Gentil B, de Larminat JM, Boucherez C, et al. Difficult intubation and obstructive sleep apnoea syndrome. Br J Anaesth. 1994;72(3):368.Google Scholar
  21. 21.
    Nagappa M, Liao P, Wong J, et al. Validation of the STOP-Bang Questionnaire as a screening tool for obstructive sleep apnea among different populations: a systematic review and meta-analysis. PLoS One. 2015;10(12):e0143697.
  22. 22.
    Sharkey KM, Orff HJ, Tosi C, et al. Subjective sleepiness and daytime functioning in bariatric patients with obstructive sleep apnea. Sleep Breath. 2013;17(1):267–74. Scholar
  23. 23.
    Chung F, Abdullah HR, Liao P. STOP-Bang questionnaire: a practical approach to screen for obstructive sleep apnea. Chest. 2016;149(3):631–8. Scholar
  24. 24.
    Chung F, Yegneswaran B, Liao P, et al. STOP questionnaire: a tool to screen patients for obstructive sleep apnea. Anesthesiology. 2008;108(5):812–21. Scholar
  25. 25.
    Chung F, Subramanyam R, Liao P, et al. High STOP-Bang score indicates a high probability of obstructive sleep apnea. Br J Anaesth. 2012;108(5):768–75. Scholar
  26. 26.
    Enciso R, Clark GT. Comparing the Berlin and the ARES questionnaire to identify patients with obstructive sleep apnea in a dental setting. Sleep Breath. 2011;15(1):83–9. Scholar
  27. 27.
    Chung F, Ward B, Ho J, et al. Preoperative identification of sleep apnea risk in elective surgical patients, using the Berlin questionnaire. J Clin Anesth. 2007;19(2):130–4.Google Scholar
  28. 28.
    Chung F, Yegneswaran B, Liao P, et al. Validation of the Berlin questionnaire and American Society of Anesthesiologists checklist as screening tools for obstructive sleep apnea in surgical patients. Anesthesiology. 2008;108(5):822–30. Scholar
  29. 29.
    Johns MW. Reliability and factor analysis of the Epworth Sleepiness Scale. Sleep. 1992;15(4):376–81.CrossRefPubMedGoogle Scholar
  30. 30.
    Sareli AE, Cantor CR, Williams NN, et al. Obstructive sleep apnea in patients undergoing bariatric surgery--a tertiary center experience. Obes Surg. 2011;21(3):316–27. Scholar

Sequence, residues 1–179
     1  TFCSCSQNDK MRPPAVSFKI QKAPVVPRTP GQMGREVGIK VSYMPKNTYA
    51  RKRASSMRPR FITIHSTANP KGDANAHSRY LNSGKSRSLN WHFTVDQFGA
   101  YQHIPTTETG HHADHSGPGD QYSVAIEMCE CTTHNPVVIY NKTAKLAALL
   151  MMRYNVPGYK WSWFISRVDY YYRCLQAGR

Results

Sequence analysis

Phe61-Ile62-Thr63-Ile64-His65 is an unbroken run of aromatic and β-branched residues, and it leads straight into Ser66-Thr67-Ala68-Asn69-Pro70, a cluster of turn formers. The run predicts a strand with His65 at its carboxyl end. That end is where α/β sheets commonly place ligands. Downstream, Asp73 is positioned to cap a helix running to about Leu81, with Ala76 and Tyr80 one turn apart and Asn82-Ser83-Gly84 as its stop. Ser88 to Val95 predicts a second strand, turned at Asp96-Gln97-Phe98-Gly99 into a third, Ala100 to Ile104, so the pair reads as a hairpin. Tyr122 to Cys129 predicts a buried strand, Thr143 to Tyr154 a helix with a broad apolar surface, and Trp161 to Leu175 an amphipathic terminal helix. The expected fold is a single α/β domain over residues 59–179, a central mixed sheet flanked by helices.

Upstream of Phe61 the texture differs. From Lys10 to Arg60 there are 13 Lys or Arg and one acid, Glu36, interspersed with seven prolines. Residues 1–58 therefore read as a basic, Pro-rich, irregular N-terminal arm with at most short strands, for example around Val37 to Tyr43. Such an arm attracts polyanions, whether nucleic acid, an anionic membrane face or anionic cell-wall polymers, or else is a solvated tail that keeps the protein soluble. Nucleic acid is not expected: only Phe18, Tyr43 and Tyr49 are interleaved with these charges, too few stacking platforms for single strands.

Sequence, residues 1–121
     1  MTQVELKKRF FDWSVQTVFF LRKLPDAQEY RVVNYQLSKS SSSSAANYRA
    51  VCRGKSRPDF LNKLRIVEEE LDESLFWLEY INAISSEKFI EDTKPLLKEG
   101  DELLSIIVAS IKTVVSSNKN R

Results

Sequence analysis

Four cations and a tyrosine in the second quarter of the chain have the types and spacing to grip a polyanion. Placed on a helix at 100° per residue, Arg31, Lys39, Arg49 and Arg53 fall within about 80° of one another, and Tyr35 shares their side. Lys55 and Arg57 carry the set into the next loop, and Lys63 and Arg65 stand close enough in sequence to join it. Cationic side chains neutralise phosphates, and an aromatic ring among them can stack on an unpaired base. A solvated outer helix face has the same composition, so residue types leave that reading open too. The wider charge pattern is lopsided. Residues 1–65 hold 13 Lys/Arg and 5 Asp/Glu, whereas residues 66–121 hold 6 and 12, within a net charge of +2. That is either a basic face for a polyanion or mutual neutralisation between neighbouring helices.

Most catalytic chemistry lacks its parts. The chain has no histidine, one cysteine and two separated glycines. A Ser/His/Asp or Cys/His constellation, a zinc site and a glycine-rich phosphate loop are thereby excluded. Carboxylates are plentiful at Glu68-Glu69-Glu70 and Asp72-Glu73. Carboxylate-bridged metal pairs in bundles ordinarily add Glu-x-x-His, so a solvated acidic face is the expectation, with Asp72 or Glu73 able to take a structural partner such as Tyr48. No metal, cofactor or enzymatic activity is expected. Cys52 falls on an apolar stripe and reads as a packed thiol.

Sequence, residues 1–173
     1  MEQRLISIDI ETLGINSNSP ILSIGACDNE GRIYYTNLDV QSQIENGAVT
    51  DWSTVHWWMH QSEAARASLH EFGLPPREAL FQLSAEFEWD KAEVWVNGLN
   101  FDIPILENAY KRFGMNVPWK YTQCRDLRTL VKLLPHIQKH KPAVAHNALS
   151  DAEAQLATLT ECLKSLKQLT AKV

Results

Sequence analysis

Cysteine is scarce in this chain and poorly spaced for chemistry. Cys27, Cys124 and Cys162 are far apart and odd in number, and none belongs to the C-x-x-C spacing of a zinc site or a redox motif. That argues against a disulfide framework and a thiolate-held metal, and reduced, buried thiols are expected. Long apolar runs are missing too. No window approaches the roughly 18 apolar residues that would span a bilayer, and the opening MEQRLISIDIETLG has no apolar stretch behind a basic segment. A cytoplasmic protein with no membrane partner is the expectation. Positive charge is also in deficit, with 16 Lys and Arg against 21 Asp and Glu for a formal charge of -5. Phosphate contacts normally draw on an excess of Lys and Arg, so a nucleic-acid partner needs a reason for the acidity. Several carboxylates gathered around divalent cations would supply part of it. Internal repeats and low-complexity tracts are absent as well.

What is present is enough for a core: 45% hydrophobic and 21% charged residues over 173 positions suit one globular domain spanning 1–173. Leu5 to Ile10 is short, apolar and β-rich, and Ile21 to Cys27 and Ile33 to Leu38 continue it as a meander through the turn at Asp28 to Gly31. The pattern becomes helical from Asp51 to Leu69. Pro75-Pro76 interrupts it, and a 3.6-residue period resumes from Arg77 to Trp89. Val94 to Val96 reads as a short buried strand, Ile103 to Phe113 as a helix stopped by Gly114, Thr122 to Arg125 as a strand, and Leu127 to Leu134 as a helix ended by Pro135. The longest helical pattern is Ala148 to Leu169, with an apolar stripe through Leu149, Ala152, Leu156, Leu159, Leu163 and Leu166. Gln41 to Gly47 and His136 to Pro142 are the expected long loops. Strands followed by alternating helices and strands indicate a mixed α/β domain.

31. 31.
    Deitel M, Field SK, Mehta A, et al. Obstructive sleep apnea in the obese. In: Deitel M, Gagner M, Dixon JB, Himpens J, editors. Handbook of obesity surgery. Toronto: FD Communications; 2010. p. 251–4.Google Scholar
  32. 32.
    Chung F, Yang Y, Liao P. Predictive performance of the STOP-Bang score for identifying obstructive sleep apnea in obese patients. Obes Surg. 2013;23:2050–7.CrossRefPubMedGoogle Scholar
  33. 33.
    Chiu H-Y, Chen P-Y, Chuang L-P, et al. Diagnostic accuracy of the berlin questionnaire, STOP-BANG, STOP, and Epworth sleepiness scale in detecting obstructive sleep apnea: a bivariate meta-analysis. Sleep Med Rev. 2017;36:57–70.Google Scholar
  34. 34.
    Chung F, Chau E, Yang Y, et al. Serum bicarbonate level improves specificity of STOP-Bang screening for obstructive sleep apnea. Chest. 2013;143(5):1284–93. Scholar

Copyright information

© Springer Science+Business Media, LLC, part of Springer Nature 2018

Authors and Affiliations

  1. 1.Internal Medicine, Medical Director Bariatric ProgramHumber River HospitalTorontoCanada
  2. 2.TorontoCanada
  3. 3.Neuropsychiatric Research InstituteFargoUSA
  4. 4.Department of Biomedical StatisticsNeuropsychiatric Research InstituteFargoUSA
  5. 5.Humber River HospitalTorontoCanada
  6. 6.Obesity SurgeryTorontoCanada

Personalised recommendations